Published: February 29, 2020
Jill Tvaroha, Kendal’s Wellness coordinator, provides residents with exercises and other tools to improve balance, maintain proper posture and prevent injuries.
Across town Jennifer Shults, a chiropractor and Oberlin College instructor, covers the same ground with college students in a class entitled “Body Re-Education and Functional Anatomy”
So Jill and Jennifer, who are friends, decided to team up.
“We were doing similar exercises and sharing similar philosophies and thought - wouldn’t it be fun to have residents go to the college class and have the students come to a Kendal class,” Jill said.
The two sessions in December involved both movement and discussion, with participants ranging in age from late teens to 70+.
“I think the conversation was the most important part. The students had a lot of good questions and were surprised at some of the answers,” Jill said. Residents shared stories of getting more agile and active as they aged, not less.
The two women hope to do the exchange again.
Common Interests of College Students and Kendal Residents
“Kendal at Oberlin is a dynamic place with intergenerational opportunities abounding. It's a natural way to interact and it happens every day,” according to Kendal CEO Barbara Thomas.
Interactions between residents and college students are especially common at this Quaker-based community:
- Kendal’s North Pleasant Connection is a residency program that offers housing for up to four college students per semester, in exchange for hours served teaching, performing music, conducting research projects and other volunteer activities.
- College students interested in music and art therapy work closely with the Stephens Care Center staff and residents.
- Kendal residents mentor students at Oberlin College through many formal and informal programs.
- Students from the Conservatory of Music form musical bonds and perform with Kendal residents.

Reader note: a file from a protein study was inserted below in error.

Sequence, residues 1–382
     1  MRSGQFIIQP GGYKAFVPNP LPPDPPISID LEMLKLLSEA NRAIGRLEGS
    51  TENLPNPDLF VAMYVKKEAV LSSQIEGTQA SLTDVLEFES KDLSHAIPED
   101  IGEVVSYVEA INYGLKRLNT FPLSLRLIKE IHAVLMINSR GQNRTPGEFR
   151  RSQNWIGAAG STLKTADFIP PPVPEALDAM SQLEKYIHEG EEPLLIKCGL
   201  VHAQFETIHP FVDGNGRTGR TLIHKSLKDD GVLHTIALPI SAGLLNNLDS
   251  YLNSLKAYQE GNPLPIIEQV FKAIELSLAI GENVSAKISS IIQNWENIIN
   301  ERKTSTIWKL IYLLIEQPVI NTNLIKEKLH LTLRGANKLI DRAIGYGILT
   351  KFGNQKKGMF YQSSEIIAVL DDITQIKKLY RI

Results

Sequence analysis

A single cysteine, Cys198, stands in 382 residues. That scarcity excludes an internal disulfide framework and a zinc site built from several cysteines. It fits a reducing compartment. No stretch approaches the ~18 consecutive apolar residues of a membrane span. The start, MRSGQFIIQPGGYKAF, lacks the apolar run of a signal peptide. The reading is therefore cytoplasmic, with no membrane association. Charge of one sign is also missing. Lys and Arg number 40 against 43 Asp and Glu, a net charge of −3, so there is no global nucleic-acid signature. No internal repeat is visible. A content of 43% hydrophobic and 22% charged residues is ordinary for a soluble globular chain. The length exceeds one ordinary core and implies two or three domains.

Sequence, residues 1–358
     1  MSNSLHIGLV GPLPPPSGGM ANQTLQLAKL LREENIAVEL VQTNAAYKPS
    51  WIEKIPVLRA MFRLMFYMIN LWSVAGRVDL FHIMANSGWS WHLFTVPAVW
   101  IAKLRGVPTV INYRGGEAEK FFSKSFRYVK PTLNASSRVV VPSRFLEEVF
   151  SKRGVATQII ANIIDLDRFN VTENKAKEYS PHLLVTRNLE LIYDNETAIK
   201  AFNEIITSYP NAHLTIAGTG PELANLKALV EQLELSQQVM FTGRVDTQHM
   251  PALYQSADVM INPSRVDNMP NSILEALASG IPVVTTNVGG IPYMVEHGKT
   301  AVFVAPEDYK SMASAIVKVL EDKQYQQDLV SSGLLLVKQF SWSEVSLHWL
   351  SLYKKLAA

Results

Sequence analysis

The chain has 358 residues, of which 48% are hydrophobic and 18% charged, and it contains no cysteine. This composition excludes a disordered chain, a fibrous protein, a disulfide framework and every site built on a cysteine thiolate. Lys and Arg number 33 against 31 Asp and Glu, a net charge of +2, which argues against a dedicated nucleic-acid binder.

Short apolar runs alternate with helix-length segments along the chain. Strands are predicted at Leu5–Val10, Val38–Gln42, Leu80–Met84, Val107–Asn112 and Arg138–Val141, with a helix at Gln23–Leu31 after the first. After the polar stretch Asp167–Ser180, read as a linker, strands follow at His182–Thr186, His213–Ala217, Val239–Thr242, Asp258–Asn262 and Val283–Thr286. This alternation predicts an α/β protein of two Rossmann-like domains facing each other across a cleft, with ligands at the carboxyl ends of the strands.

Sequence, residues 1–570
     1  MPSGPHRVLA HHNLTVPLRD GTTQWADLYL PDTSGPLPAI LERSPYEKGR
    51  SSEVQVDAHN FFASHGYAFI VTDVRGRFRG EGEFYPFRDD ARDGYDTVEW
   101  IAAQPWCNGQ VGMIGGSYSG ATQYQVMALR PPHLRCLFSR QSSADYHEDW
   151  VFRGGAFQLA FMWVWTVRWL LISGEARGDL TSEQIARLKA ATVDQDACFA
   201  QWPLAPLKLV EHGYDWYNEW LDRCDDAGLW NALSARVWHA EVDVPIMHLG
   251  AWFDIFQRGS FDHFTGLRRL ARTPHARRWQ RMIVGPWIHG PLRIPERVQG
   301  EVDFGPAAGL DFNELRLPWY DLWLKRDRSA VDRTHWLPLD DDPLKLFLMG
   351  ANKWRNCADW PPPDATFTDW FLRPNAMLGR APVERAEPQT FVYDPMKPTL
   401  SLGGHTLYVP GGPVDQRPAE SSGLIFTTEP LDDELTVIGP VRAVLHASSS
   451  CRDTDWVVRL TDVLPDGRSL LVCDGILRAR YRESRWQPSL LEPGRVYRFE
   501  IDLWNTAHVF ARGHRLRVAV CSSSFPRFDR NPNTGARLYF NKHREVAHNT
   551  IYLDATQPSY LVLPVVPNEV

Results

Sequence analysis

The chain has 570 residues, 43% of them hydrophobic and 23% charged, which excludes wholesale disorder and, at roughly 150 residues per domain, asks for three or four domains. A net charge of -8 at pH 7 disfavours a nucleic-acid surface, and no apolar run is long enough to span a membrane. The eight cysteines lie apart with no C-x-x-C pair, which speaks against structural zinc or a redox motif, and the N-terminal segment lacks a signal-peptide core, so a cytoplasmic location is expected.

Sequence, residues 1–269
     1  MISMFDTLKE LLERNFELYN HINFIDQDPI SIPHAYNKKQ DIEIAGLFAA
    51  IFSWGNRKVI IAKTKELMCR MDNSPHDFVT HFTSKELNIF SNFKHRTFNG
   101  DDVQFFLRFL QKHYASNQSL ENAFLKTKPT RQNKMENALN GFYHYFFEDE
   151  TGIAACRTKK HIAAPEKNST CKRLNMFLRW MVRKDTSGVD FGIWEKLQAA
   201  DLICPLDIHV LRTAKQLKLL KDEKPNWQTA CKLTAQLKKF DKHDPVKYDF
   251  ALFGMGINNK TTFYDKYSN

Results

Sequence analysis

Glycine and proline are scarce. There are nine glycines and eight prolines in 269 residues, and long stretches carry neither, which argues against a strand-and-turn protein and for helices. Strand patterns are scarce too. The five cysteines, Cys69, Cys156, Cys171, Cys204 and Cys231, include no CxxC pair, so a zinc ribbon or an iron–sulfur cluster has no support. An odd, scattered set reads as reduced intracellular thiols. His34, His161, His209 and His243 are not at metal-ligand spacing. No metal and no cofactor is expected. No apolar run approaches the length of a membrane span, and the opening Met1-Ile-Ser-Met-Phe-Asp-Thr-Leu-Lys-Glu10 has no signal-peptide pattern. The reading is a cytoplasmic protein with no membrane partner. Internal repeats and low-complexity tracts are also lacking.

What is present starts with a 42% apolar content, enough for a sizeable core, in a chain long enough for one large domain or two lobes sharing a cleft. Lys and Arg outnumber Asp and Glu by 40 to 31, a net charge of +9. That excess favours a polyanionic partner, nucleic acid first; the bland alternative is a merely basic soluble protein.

In 2015 Kendal residents and Conservatory students collaborated on Strawberry Fields, a one-act opera focused on memory loss that was performed on both campuses. The project was the brainchild of Oberlin College Associate Professor of Opera Sally Stunkel, whose mother had been a resident at Kendal and was diagnosed with dementia before her death in 2013.
During the month-long practices, college students learned about memory loss and got a firsthand view of what it means to be an older adult, and residents gained an appreciation of the talents of younger adults.
“Strawberry Fields opera was the perfect venue for relationship building and sharing of talents,” said Michele Tarsitano-Amato, director of Creative Arts Therapy. “This is what happens when you create a learning environment that is mutually respectful.”
Residents Sign Up for College Classes
For a dozen years Oberlin College students in “Ars Moriendi: Death and the Art of Dying” were matched with residents to discuss life lessons and values. At the end of each course the students and residents gathered for a potluck.
“Everybody felt they grew as people. We could talk with kids about things they couldn’t or didn’t want to talk about with their parents,” said Allen Huszti, one of the residents who participated in the program.
Every year a handful of Kendal residents enroll in courses offered by Oberlin College, which allows Oberlin residents 65 and older to sit in on a course at no cost.
“Some of the students completely ignored me, others were friendly. I experienced the full spectrum,” said resident Robin Lauren, who has taken several classes at the college.
Kendal’s intergenerational activities have twice been designated a “Program of Distinction” by Generations United for its exemplary programs that bring older adults together with children, teens and young adults.
As long-time resident John Elder explains, “It’s true, we Kendal residents live with a lot of old people – very fascinatingly talented, experienced and wise old people – but we keep our curiosity, creativity and intellectual capacity alive thanks to the extraordinary intergenerational opportunities that Oberlin provides.”
Visit Kendal at Oberlin
Learn more about retirement living in a vibrant college town. Music, art and lifelong learning are less than a mile away.
In the past, Molly Kavanaugh frequently wrote about Kendal at Oberlin for the Cleveland Plain Dealer, where she was a reporter for 16 years. Now we are happy to have her writing for the Kendal at Oberlin Community.